Wolf Lodge Inn - Around The Lake And Back

Man's Quest For Charred Meat.

There's something visceral and deep that touches your soul when on the hunt for animal flesh to consume. Never mind that, in this case and most others, all of stalking is done by politely asking a host/hostess for a table, and the killing is done in a mostly mechanized fashion far, far from your view. The anticipation and travel involved effectively whets the appetite and makes for a more satisfying meal.

In Spokane, WA for the 100 Years of Motorcycles, we kept hearing about it: The Best Steaks on the Planet. A little place called the Wolf Lodge Inn was just east of Coeur D'Alene, ID about 30 miles to the east. "Ride out there!" they said, "You won't regret it." They would go on to tell me (and my riding partner, Steve), tales of aged meat, and a wood-fired pit (illegal in most places, but grandfather-claused for in this joint), and oh, the best deserts...Okay, we were hooked, but 30 miles down the interstate isn't a Ride, it's going out for groceries. However, when pressed for information, the locals pretty much agreed that their favorite, uber-secret ride was a lap of Lake Coeur D'Alene.

Although the lake is only 30 miles long, the roads surrounding it follow the undulations of the land, and here in the foothills of the Rockies there are plenty of bumps, curves and ridges for the roads to navigate. In the summer this dam-enhanced glacial lake is a boater's paradise, with huge numbers of craft and people enjoying the water in various ways: skimming the surface as fast as possible, fishing, swimming, sunning, or just exploring the lake's many nooks and bays. What all this means to you, the motorcyclist, is that despite having huge tourist infrastructure (inns, bars, funky little shops, etc), all of the very nicely surfaced roads are just about deserted. You really can't blame the locals for wanting to keep the place for themselves, can you?

To start our trip over from neighboring Spokane we rumbled down I-90 for 25 miles to Idaho 95, mostly because we only had one day for our day trip, and due to a wicked night of drinking we didn't get up until noon. Had we gotten up earlier we might have chosen one of several nice backroads that connect from Spokane directly to SR-95 and avoided both the City of Coeur D'Alene and the interstate. As it was, a relatively painless blast down the superslab warmed us up well.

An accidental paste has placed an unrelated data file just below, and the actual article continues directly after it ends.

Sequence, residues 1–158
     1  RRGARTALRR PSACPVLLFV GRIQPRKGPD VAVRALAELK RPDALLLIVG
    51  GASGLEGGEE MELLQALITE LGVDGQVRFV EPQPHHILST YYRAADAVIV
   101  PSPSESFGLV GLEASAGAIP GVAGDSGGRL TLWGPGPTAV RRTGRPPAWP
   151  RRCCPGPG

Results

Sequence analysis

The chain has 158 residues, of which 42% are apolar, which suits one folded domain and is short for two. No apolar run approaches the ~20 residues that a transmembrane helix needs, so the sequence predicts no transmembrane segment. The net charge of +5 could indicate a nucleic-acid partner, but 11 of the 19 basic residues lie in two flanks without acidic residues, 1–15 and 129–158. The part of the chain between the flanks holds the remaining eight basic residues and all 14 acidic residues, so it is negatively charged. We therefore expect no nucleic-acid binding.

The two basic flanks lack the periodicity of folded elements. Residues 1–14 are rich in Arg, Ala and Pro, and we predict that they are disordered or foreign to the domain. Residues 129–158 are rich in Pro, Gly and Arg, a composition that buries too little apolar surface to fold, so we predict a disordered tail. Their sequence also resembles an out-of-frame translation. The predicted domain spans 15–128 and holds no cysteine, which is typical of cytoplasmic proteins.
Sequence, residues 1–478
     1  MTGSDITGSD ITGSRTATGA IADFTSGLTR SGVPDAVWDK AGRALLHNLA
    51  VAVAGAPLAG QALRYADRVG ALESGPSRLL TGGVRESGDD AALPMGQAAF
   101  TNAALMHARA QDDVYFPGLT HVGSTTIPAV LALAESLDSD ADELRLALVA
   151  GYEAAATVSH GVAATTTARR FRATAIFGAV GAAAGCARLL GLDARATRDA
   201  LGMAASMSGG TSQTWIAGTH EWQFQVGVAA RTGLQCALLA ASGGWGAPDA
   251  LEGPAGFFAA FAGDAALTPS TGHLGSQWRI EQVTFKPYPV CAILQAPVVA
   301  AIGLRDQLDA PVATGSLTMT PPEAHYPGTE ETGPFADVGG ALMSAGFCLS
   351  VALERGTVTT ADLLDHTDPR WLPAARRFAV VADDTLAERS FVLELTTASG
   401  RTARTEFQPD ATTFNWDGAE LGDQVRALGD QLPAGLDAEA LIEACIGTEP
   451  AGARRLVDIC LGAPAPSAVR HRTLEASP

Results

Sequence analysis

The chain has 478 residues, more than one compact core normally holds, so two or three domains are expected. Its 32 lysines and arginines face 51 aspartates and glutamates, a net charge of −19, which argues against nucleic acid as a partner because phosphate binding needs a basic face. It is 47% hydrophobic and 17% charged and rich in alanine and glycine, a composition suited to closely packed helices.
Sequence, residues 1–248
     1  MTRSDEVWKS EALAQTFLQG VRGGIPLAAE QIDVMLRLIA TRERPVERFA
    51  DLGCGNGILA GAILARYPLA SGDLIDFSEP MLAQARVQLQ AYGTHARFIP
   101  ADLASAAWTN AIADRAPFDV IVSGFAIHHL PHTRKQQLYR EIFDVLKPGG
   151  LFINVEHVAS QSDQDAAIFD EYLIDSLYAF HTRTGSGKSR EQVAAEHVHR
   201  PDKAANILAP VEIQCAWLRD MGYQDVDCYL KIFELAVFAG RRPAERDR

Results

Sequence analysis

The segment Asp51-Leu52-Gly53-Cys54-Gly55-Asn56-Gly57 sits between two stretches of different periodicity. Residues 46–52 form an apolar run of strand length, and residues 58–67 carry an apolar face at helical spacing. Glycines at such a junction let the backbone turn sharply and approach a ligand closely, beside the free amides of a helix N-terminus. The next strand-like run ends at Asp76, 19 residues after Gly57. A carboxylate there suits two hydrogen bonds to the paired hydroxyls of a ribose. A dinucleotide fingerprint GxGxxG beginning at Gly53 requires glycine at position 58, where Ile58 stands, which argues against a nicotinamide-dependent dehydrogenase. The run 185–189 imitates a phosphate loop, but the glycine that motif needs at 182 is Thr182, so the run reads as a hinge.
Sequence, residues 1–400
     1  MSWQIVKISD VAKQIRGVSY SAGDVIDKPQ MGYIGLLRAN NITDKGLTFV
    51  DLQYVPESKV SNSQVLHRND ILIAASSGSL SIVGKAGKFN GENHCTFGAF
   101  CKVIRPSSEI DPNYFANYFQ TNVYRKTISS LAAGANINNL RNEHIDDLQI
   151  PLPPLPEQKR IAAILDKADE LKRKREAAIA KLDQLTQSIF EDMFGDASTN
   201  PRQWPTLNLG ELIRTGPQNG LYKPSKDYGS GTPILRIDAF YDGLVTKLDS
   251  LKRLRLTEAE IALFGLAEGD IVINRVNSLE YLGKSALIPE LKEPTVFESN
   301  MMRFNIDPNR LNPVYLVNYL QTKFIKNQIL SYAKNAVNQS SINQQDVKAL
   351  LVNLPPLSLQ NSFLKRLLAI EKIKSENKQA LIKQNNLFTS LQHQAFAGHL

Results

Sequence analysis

I say relatively painless because I borrowed a Road King for the trip. The 'King in question has 23-inch ape hangers and a set of slow-leaking air shocks. The apes are fine at moderate speeds but left me flapping in the wind at high velocities. My comfort issues were compounded by having no idea what to set the pressure in the shocks at, and probably spending way too much time bouncing off of the stops instead of floating on a cushion of air. But as the bike was free and a hell of a runner, I'm definitely not complaining!

After turning off of I-90 onto SR-95 just inside Coeur D'Alene (the city), the first part of the lake you get to is also the most populated. Cougar Bay might sound intriguing but just keep rolling.

Route 95 is a fairly major four-lane thoroughfare, complete with cops, traffic and the rest. It's somewhat scenic, rolling through forested hills, but mostly dull. Down the west side of the lake it's all about getting to and from the water. There are a ton of fun roads that lead to bayside watering holes, launch ramps, vacation homes and nothing else, while the 95 keeps its distance. If you want to explore the area and not just continually double back to return to the highway, or continually run into dead ends, I suggest using GPS or spending a little time beforehand planning your route on an online mapping program. We took the Black Rock Marina cutoff in search of gas and found some. But what we also discovered was one of the hordes of beautiful little deserted roads of this area that leads to (almost inexplicably) a packed bar and grill, right on the water. "Shooters" was the name of this one, and the late lunch boat crowd had stopped in to feed and water themselves.